An overview of air monitoring sources USED during a wildfire smoke event

Air quality may change quickly depending on wildfire intensity and weather conditions. Verify that pollution is due to wildfire smoke via ground reports (such as "it smells like smoke"), by checking the Fire and Smoke Map or by using the USFS modeling tool BlueSky. CALFire also posts updates on active incidents. 

AQI Index 

Clarity Sensors:  UC data viewable at

As part of a pilot project to evaluate local conditions, multiple PM2.5 sensors have been installed on campus. Outdoor concentrations are reported using the EPA NowCast algorithm for PM2.5 and may be co-displayed with nearby AirNow data on the same map/plot.

In response to indoor air quality concerns, EH&S may also be able to conduct a survey using a portable monitor. Contact (310) 825-5689 or report an indoor air quality concern at

Open Map Clarity Capture

Reference Monitors:  Maintained by California Air Resources Board or Local Air District, access via 

Current Air Quality Index (AQI) is used by the U.S. Environmental Protection Agency to report air quality on a real-time basis. Current AQI referred to as the “NowCast,” is reported for fine particulate matter of diameter 2.5 microns or less (PM2.5), the primary air pollutant of health concern during regional wildfire smoke events. To view, visit or SCAQMD (Northwest Coastal LA County). Also, download the EPA's AirNow app or sign up to receive alerts via EnviroFlash.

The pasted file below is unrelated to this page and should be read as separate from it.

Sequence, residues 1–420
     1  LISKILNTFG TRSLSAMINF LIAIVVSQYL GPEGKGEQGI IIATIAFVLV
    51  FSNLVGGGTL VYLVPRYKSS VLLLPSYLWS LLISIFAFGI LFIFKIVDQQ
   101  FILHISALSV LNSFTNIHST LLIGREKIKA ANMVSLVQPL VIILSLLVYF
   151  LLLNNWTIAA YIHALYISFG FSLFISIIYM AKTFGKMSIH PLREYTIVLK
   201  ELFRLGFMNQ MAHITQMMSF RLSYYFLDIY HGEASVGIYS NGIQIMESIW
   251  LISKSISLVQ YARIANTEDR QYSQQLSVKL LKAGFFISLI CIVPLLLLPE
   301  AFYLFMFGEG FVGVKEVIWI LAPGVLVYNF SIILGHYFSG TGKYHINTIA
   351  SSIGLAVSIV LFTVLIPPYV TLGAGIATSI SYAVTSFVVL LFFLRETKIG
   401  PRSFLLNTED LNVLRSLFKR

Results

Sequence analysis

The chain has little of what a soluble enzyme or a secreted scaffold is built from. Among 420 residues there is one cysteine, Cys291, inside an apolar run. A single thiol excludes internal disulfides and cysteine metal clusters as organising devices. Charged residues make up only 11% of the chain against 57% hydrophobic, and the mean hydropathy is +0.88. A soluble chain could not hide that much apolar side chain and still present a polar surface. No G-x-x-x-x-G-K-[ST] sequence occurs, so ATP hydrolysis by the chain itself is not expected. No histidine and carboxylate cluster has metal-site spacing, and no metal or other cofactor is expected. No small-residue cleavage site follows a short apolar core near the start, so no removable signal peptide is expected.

Note: The online AQI Calculator may be used to convert PM2.5 concentration in ug/m3 to AQI

AirNow Air Quality Capture --Los Angeles, CA


AQI Capture -- Westwood, CA


PM 2.5 Sensors:  Valuable for Spatial Trends and Indoor/Outdoor Comparison 

Low-cost sensors that count particles in air provide supplemental environmental data. It is important to recognize that these sensors are not maintained and calibrated like reference monitors, and may be less accurate than reference monitors. However, campus leadership will rely on our local sensor network to make decisions due to the absence of nearby reference monitors. These sensors are also extremely valuable to view spatial trends over a region or community.

Sensor data will be monitored by UCLA Environment, Health & Safety during wildfire events. The aggregate sensor data used for campus decision making will be updated on this site after a sustained AQI of 151 for one hour.

Note: PM2.5 concentrations may report high during wildfire events, due to the composition of wildfire smoke containing particulates that are of a lower density than dust. Also, one-minute or 10-minute readings will fluctuate more than results averaged over longer time periods like the EPA's NowCast algorithm.